Is Feminism Falling Out Of Favor?
A YouGov poll found women are reluctant to identify themselves as feministsFlickr

Today the life of one of the most influential women in British history is celebrated around the world. Around 100 years ago, Emmeline Pankhurst led the fight for women's suffrage – the right to vote. Now, feminism is riding its fourth wave, with a new, ever-changing set of equal rights agendas, such as a decent chance of promotion at work and equal pay.

In one way or another, all women are affected by inequality. On average, 85,000 women are raped in England and Wales each year, but the number of rape convictions in Britain is among the lowest in Europe. Women working full-time earn around £5,000 less a year than men. Only 22% of MPs in the UK are women, and females worldwide are denied education.

Still, the term feminist is still frequently shunned. In a 2013 YouGov poll, 72% of respondents said they did not consider themselves feminists. More women than men – around 38% versus 18% - did identify as a feminist, but in neither group did a majority use the label. Female role models have openly rejected the F-word: Taylor Swift isn't a feminist because she "doesn't think about thing as guys versus girls" and Lady Gaga isn't one because she "loves men".

Feminism is not about hating men, it is about wanting the same rights, privileges and chances that men have. But it is this misconception that steers both women and men from identifying themselves as feminists. It is also why social media campaigns such as #YesAllWomen, in which thousands of women revealed incidences of sexism equally moving, terrifying, enraging and perceptive, sparked the backlash #NotAllMen.

Speaking to IBTimes UK, founder of Everyday Sexism Laura Bates said myth and misconception has been attached to the word feminism for too long. "I think a lot of people avoid using the word simply because they don't really know what it means, and mistakenly think you have to hate men, or want women to rule the world in order to be a feminist," she said.

"But we are definitely seeing a new wave of people embracing what it means to be a feminist in its truest sense: believing that everybody should be treated equally regardless of their sex," Bates explained, adding that there has been a surge of new feminist societies at schools and universities in the UK.

"Over the past couple of years, there has been a wave of online activism, on issues as diverse as female genital mutilation, domestic violence and Page 3. I feel very positive that the word feminism is being reclaimed and that feminism is exploding in interest and energy."

The complex nature of feminism itself is another reason why even women's rights activists are reluctant to call themselves feminists. Not easily definable, feminism is a process – not a finished product. The goals and ideas about equality are regenerated Doctor Who-style with every problem that women face.

During the first wave of feminism a century ago, Pankhurst led the suffragette movement. The second-wave of the 1960s broadened the debate to a wider range of issues, such as sexuality, family, work and reproductive rights, as well as official legal inequalities. The third wave, coined by Rebecca Walker in her 1992 essay, in part, sought to challenge what it deemed the second wave's essentialist definitions of femininity.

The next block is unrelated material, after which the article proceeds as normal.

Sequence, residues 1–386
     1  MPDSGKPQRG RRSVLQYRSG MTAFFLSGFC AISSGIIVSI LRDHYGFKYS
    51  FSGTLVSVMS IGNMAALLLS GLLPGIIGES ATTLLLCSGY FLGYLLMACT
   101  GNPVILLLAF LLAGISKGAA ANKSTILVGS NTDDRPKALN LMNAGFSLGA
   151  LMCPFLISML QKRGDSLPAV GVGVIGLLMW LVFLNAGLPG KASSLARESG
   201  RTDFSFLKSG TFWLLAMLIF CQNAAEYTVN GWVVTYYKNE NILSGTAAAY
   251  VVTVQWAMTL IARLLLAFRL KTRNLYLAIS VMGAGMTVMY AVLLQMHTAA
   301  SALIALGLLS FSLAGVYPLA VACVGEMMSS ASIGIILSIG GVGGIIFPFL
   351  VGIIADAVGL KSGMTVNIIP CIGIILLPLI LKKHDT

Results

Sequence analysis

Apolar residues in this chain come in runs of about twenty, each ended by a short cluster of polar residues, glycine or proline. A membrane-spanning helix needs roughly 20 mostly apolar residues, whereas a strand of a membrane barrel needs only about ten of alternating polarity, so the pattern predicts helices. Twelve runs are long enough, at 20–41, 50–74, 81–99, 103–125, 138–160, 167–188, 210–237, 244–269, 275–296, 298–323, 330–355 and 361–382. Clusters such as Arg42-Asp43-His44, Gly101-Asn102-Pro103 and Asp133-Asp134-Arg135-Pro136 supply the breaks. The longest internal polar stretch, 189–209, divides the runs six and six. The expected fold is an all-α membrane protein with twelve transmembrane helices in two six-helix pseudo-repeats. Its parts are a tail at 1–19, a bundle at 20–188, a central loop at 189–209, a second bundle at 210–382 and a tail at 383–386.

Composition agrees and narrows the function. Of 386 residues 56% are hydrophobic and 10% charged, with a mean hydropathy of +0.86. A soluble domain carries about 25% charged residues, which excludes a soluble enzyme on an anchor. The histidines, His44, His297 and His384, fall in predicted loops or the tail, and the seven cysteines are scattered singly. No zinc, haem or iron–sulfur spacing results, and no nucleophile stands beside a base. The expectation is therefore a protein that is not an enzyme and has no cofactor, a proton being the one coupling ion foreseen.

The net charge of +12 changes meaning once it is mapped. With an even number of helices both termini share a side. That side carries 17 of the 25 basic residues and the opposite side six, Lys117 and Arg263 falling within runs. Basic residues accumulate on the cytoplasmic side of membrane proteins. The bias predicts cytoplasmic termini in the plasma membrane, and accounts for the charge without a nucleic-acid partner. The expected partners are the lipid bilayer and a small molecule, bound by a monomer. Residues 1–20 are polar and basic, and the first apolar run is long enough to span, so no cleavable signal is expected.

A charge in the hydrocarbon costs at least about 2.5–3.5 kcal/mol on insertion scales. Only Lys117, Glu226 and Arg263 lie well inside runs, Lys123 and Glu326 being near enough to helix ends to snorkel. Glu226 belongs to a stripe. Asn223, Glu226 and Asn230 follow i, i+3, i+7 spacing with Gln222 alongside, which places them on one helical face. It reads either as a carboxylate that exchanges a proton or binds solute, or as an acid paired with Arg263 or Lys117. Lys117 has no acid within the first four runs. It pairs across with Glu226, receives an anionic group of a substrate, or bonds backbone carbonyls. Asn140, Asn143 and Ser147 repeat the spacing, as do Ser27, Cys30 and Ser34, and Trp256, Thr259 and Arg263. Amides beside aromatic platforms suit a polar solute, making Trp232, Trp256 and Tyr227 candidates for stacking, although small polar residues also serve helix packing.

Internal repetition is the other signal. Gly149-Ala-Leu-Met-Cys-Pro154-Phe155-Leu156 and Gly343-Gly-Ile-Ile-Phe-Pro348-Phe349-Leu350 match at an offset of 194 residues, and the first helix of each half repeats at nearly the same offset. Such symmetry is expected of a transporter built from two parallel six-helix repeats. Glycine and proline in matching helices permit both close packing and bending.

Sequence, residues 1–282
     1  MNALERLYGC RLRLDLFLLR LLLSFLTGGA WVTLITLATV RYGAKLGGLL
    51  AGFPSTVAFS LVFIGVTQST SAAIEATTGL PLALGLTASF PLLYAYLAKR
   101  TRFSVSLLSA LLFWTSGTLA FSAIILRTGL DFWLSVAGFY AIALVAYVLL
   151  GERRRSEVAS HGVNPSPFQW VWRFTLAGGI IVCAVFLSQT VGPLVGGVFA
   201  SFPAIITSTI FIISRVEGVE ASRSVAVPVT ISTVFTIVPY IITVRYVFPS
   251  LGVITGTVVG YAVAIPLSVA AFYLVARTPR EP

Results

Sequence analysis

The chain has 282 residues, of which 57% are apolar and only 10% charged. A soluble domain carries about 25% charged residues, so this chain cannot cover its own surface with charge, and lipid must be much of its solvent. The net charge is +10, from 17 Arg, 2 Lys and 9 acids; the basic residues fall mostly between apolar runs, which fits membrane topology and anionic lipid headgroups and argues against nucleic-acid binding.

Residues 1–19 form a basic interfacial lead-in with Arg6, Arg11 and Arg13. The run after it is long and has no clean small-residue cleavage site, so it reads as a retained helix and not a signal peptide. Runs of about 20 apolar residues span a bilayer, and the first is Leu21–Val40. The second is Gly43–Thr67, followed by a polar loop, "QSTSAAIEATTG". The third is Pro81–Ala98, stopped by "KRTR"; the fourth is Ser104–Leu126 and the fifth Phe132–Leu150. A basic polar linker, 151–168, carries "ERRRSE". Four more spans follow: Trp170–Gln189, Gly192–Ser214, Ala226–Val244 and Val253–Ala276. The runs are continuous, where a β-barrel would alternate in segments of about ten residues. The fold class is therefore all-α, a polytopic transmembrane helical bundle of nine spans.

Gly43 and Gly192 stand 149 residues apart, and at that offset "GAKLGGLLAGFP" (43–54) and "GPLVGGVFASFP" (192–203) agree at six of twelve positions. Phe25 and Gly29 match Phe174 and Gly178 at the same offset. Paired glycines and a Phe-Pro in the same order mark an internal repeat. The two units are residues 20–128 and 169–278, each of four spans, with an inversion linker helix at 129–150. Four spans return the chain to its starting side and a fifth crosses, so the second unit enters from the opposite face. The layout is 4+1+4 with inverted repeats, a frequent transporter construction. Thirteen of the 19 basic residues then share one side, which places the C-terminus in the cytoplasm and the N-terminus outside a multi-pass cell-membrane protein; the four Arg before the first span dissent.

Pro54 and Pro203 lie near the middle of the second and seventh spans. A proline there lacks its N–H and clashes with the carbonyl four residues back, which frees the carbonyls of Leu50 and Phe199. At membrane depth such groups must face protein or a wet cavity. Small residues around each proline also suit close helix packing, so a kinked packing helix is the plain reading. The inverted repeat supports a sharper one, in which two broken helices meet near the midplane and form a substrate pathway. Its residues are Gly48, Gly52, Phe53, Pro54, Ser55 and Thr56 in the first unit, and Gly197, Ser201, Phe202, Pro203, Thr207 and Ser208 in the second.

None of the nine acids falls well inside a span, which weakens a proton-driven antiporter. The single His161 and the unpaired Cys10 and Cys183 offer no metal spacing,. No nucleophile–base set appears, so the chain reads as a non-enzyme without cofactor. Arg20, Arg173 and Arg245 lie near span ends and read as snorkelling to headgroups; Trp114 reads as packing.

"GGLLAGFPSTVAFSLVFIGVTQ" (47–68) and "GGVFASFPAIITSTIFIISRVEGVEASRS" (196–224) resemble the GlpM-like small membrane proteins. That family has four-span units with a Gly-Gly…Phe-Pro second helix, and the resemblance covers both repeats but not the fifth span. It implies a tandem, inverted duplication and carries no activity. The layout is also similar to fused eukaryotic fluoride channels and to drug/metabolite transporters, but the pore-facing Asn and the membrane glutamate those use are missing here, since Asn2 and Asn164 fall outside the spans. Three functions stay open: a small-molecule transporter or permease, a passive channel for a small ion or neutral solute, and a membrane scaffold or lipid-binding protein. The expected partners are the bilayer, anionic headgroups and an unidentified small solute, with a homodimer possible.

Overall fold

The broad nature of feminism means that women are bombarded with questions about what is right, and what is sexist. Should we shave or leave our body hair at 1972? Can we wear make-up? Is it possible to be a feminist housewife? Is marriage sexist? Frustratingly, there is no right or wrong answer.

This subjective nature of feminism has also led some women to cast aside the term feminism, not out of ignorance, but experience. As it evolved, different feminist factions bickered over meanings, gay feminists, male feminists and more. Second-wavers have been criticised for prioritising the interests of white, middle-class women. In 1969, the National Organisation of Women president Betty Friedan lamented the "lavender menace" of political discourse, and some radical groups still seek exclusivity for "women-born-women" feminists, to differentiate themselves from transgender women.

While feminism in the past has suffered from being too insular and exclusive, modern feminism is embracing inclusivity. Caitlin Moran's brilliant, accessible book How to be a Woman made feminism fun, Laurie Penny's sharp insight is always poignant and Laura Bates has provided a platform for all women to expose their experiences of sexism, however seemingly minor or major.

Women are coming around to the idea of calling themselves feminists, because modern feminism has brought the movement back to the basics – improving the lives of women.

Sarah Graham, deputy editor of the Feminist Times, told IBTimes UK: "To me feminism is sisterhood, empathy, and activism that ultimately goes some way towards improving the world for all women. It's looking beyond your own life and oppression and supporting women who are worse off than you."